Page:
Eugen Mezei

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Consider that when trying to cut fog on expired film, the problem is that you end up cutting into shadow detail as well. The two overlap; density is just density and silver halides don't care whether they have become developable due to exposure to light through a lens, background radiation or some other factor. There's no way to chemically select out the age-related fog from actual image density.

As I understand the developer "attacs" first the silverbromide crystals that were hit by photons.[1] But if the emulsion is left too long in the developer, it develops the crystals not affected by light, producing fog. So the trick is to develop all the affected crystals but stop just right before beginning to get silver out of the crystals not hit by light.

Are you sure we cut into shadow detail, not into highlight detail? My thought is that highlight will be developed first, being the regions containing more silver.


[1] Or any radiation interacting with the electronic balance of the crystal. So you are right it does not matter by what means the crystal became developable. Therefore we can not not develop the crystals that became developable in time. The best we can do is to avoid overdeveloping.
 
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Eugen Mezei

Eugen Mezei

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The basic idea being not to overdevelop, how I have to handle the following parameters?

- preash; Will the developer penetrate the emulsion faster? Is this true at low temperatures?

- alcalinity; Higher pH better? it sure will accelerate the development, but also cause bigger grain.

- splitted developer; Developing in low pH and immersing the soaked emulsion into an alcaline solution.

- Methol; Does not stop working at low temperatures. Has a high temperature coefficient, meaning the colder the developer the very much longer I have to develop. Develops highlights first but than has difficulties building density. Is also not affected by bromide.

- Hidroquinone; Stops working in cold. When it works has not a high temperature coefficient, meaning temperature changes doe not cause big changes in developing time.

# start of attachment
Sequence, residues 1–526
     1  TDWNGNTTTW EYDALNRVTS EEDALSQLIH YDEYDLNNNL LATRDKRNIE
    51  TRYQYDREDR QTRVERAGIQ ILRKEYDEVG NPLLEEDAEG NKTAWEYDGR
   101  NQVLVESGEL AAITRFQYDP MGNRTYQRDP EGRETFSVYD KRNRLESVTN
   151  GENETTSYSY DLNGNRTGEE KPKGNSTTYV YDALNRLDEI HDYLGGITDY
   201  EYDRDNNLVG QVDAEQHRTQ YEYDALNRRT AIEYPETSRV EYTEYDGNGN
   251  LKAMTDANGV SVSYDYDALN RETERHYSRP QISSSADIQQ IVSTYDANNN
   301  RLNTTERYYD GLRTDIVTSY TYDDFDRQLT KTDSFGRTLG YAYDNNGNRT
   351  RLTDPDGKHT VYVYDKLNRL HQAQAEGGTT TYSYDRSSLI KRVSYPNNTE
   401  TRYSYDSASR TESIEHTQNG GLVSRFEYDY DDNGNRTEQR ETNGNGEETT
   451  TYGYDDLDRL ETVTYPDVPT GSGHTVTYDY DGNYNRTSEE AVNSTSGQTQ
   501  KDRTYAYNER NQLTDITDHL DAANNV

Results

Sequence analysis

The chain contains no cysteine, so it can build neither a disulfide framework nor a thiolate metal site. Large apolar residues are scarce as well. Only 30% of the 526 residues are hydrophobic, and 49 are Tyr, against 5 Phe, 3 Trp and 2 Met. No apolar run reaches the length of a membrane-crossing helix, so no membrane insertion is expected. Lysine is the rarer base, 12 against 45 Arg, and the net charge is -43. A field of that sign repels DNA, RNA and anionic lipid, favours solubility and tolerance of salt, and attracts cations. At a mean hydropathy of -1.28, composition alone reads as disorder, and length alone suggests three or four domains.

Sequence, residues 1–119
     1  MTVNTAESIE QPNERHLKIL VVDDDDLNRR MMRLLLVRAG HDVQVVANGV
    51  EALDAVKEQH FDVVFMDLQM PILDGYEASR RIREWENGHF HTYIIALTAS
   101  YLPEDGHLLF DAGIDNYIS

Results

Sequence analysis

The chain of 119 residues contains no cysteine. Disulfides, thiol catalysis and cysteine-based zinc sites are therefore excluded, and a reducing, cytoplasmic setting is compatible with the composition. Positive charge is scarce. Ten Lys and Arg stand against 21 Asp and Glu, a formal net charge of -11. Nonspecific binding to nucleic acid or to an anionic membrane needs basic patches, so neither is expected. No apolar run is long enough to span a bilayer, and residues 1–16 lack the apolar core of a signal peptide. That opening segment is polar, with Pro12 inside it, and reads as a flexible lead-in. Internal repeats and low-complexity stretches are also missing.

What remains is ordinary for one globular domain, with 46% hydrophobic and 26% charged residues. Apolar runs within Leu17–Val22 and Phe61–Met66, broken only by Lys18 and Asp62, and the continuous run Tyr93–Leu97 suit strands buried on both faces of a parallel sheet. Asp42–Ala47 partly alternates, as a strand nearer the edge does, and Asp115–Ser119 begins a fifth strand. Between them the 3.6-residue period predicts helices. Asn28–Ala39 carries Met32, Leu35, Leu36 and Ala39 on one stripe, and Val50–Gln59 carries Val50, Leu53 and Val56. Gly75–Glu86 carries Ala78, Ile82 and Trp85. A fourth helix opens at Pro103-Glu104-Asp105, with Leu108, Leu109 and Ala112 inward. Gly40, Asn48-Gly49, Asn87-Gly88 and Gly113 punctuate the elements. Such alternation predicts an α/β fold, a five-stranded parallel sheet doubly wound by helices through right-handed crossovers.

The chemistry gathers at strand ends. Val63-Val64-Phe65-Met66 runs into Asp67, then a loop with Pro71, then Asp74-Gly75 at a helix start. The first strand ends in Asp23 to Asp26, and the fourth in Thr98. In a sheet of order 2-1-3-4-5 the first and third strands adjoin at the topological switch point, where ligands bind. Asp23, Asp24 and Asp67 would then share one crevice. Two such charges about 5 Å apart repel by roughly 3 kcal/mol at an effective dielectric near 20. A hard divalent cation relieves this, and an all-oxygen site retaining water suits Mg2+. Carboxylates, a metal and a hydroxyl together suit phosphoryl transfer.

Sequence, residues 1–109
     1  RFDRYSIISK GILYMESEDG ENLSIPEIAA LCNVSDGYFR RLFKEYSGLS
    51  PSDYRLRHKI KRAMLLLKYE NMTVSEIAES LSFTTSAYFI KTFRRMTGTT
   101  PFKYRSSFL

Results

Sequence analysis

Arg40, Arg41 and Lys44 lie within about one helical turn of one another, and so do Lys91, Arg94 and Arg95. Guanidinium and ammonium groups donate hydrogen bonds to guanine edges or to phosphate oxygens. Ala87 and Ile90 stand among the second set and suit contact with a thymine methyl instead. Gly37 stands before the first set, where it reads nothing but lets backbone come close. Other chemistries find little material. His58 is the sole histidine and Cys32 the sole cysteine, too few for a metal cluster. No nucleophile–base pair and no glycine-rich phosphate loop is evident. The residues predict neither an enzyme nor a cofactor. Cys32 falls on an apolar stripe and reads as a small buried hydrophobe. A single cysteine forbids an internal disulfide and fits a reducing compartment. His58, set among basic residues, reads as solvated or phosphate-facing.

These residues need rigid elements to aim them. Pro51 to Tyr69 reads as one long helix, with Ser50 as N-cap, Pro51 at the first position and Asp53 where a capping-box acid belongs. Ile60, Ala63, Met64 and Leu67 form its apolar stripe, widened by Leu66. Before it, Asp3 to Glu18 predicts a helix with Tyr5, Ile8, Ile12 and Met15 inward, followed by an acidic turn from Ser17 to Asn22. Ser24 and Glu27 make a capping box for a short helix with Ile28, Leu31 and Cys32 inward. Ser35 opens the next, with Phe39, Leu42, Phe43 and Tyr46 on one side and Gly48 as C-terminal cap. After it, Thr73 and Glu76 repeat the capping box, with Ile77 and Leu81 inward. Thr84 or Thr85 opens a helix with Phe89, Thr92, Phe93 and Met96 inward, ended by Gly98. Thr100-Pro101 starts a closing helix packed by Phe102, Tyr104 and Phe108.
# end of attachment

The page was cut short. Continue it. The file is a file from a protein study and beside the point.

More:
- splitting MQ; What if I first develop in Methol to get the highlights and than develop in a separate solution of Hydrochinone for the shadows?

In literature I found contradictory information. Some book states Methol being relatively insensitive to the pH (and being happy at pH 8, that can be reached with sulfite) and Hidroquinone being much more affected by alcalinity. Other authors say exactly the opposite.
 
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loccdor

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In 2011 I was offering a black and white developing service as an odd job while in college, the highlight was some 35mm film from a Romanian customer's father, he didn't know what was on it - it turned out to be pictures from the overthrow of the Romanian government in 1989. I think I used HC-110, as it was my go-to developer and also recommended for fog/expiration... the pictures came out reasonably well, the biggest negative effect on them was that the metal cassettes from that country weren't completely light-tight on the end-caps, so there was light leakage near the sprocket holes that occasionally went down a bit into the picture area.

1989.jpg
 
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Eugen Mezei

Eugen Mezei

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Another idea that occured to me: Is presoaking good or detrimental in rescuing the latent image?
 

Romanko

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My intention is, to discuss the parameter and their interaction that influence how much of these very old latent images can be rescued at the highest quality.

This would make a good subject for doctoral thesis on the theory of photographic process.

I am by no means an expert but I've done a bit of "found film" rescue and here are my thoughts:
1. The developers can be characterized by their activity: the ratio of latent image developing speed to fog forming speed. This might or might not be related to the "film speed" achieved by different developers.
2. While fresh film is developed to the desired contrast, old film is best developed to the maximum ratio of negative density to fog density, which might be different. So a popular advice to "develop to higher contrast" might not always be correct.
3. There is some evidence that cold development produces less fog but only with some developers.